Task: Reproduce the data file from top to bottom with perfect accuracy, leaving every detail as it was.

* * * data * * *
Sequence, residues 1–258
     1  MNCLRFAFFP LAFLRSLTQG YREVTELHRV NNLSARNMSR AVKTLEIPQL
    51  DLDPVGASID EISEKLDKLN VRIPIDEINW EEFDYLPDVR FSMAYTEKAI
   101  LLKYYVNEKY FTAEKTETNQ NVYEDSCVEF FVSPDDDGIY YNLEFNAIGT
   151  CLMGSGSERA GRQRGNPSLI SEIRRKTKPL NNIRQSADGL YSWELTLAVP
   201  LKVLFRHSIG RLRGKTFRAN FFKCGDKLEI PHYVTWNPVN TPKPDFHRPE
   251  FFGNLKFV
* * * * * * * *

Sequence, residues 1–258
     1  MNCLRFAFFP LAFLRSLTQG YREVTELHRV NNLSARNMSR AVKTLEIPQL
    51  DLDPVGASID EISEKLDKLN VRIPIDEINW EEFDYLPDVR FSMAYTEKAI
   101  LLKYYVNEKY FTAEKTETNQ NVYEDSCVEF FVSPDDDGIY YNLEFNAIGT
   151  CLMGSGSERA GRQRGNPSLI SEIRRKTKPL NNIRQSADGL YSWELTLAVP
   201  LKVLFRHSIG RLRGKTFRAN FFKCGDKLEI PHYVTWNPVN TPKPDFHRPE
   251  FFGNLKFV